Cannes 2012: 'Amour' director Haneke says he hasn't mellowed
Two months ago, the Austrian director Michael Haneke turned 70, which might explain why he recently took a turn from his provocateur past to make "Amour," a tender movie about a Parisian couple struggling with old age.
But ask Haneke if the prospect of that personal milestone informed the poignant tone of his new French-language film and he'll demur.
"It was simply the subject that called for this treatment," Haneke said earlier this week from a hotel suite at the Cannes Film Festival, where his movie premiered to rave reviews and became an instant Palme d'Or front-runner. "If I was making a movie about a different subject it might have demanded a different kind of treatment."
Upon being gently reminded that it was he, after all, who chose to make a movie about this tender subject in the first place, Haneke gave a sly smile and said. "If you're asking whether I've become a nicer person, well, you'll have to ask my wife."
Always crisply courteous in person, Haneke has spent the last 15 years making films that have been anything but polite.
With the immigrant drama "Cache" (2005), the original German-language and then remade English-language psychological thrillers "Funny Games" (1997 and 2008), and the inter-generational sex drama "The Piano Teacher" (2001), Haneke has built a reputation for uncomfortable material and unsettling scenes, as anyone who's watched the voyeurism-gone-violent of "Cache" or the infamous sex-on-a-bathroom-floor moments of "Piano Teacher" can affirm.
"Amour" is a different animal. The movie is a restrained story of a musically inclined octogenarian couple, Georges and Anne (played by the legendary French actors Jean-Louis Trintignant and Emmanuelle Riva), who are thrown for a loop when Anne suffers a stroke and her health begins to decline. Hardly in great health himself, Georges must then care for his wife while he attends to his own feelings of grief.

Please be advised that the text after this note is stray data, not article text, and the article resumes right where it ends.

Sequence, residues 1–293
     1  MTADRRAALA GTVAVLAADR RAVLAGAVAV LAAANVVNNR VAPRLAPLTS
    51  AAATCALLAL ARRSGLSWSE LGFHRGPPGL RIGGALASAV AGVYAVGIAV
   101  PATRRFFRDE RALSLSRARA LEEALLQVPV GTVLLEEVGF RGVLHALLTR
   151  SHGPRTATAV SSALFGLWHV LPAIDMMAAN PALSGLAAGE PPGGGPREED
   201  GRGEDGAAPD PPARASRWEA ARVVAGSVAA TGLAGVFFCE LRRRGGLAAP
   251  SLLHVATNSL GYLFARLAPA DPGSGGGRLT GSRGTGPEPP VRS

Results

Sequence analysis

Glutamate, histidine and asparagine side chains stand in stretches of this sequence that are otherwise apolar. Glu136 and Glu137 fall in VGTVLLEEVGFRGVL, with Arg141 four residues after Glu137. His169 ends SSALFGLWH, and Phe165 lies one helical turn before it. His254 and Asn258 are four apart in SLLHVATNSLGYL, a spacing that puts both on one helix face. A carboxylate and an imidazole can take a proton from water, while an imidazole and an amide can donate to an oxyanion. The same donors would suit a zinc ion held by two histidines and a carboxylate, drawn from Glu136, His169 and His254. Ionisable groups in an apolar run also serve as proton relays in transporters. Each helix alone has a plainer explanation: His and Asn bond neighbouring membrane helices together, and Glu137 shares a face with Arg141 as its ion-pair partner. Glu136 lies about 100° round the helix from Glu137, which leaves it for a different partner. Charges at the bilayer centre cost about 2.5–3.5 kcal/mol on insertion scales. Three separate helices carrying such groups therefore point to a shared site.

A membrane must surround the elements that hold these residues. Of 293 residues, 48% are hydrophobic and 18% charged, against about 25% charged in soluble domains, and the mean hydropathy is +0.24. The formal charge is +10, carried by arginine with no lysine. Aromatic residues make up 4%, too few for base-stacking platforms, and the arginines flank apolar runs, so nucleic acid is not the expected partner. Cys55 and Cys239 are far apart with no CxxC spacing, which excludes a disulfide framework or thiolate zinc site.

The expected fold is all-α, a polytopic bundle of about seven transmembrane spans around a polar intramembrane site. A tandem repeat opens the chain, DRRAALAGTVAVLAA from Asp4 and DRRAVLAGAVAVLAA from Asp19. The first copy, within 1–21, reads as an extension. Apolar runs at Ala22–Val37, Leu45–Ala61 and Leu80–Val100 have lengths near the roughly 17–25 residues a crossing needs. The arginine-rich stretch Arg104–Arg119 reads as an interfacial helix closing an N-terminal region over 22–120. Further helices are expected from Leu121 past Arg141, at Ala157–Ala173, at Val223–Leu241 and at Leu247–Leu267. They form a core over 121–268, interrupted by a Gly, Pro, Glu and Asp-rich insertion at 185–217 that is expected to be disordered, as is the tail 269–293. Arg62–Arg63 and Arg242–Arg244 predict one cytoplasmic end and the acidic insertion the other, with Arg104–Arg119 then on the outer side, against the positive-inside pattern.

Haneke says he went through a personal experience similar to Georges. "At a certain point almost everyone is confronted with a situation like this," he said. "It happened to me -- I looked at someone I loved deeply and watched them suffer, and that made me want to make this film." (He declined to elaborate further.)
The notion of a sentimental Haneke might prompt some fans to wonder if he's gone soft. Those fans, however, don't have much to worry about with "Amour" -- there are still some trademark shocking touches, including one jolting moment that improbably mixes violence with tenderness. "You always hope every scene is strong, but it's nice when certain scenes have an effect," he said with a playful glint in his eye.
Haneke last made "The White Ribbon," a 2009 black-and-white period piece -- and Cannes Palme d'Or winner -- about the social repression faced by Germany's Nazi generation as young men and women on the eve of World War I. That film required a lot more research, Haneke acknowledged, but he still found himself spending weeks preparing for "Amour," quietly observing elderly patients in hospitals and speaking to nurses about the banalities of their job.
"The White Ribbon" took home the Palme over the favorite "A Prophet" after a somewhat controversial decision by the jury, headed by longtime Haneke collaborator Isabelle Huppert (she co-stars in "Amour" too). In an odd coincidence, both Haneke and "A Prophet" director Jacques Audiard returned to Cannes with new films this year, with Audiard bringing the handicapped-themed love story "Rust & Bone." The 2012 Cannes Film Festival winners will be announced Sunday.
Haneke said he doesn't dwell much on the media storm over the 2009 Palme. He said he does not know Audiard well but that the two did spend time together in the days leading up to the 2010 Oscars, where both films were nominated in the foreign-language category. Neither won.
The prolific Haneke -- he's made three movies since 2008 -- said he's working on a new idea, and that it's "a bit bigger" than the intimate "Amour." But right now his focus is on getting people to see this movie -- and despite the film's heavy air of mortality, not just older people, either.
"I really do think," he said, "that it appeals to all ages."
-- Steven Zeitchik
Photo: Michale Haneke at the premiere of "Amour" in Cannes. Credit: Andreas Rentz/Getty Images